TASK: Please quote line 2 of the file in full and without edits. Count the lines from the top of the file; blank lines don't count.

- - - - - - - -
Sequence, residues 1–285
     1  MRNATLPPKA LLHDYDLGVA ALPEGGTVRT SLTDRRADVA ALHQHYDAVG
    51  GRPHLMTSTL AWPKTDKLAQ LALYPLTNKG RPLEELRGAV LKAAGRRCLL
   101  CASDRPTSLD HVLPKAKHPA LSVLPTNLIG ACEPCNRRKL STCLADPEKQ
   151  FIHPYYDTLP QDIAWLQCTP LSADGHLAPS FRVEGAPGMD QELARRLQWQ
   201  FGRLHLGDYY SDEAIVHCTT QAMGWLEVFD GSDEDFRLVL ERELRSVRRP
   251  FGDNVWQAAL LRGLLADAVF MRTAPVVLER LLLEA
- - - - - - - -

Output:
     1  MRNATLPPKA LLHDYDLGVA ALPEGGTVRT SLTDRRADVA ALHQHYDAVG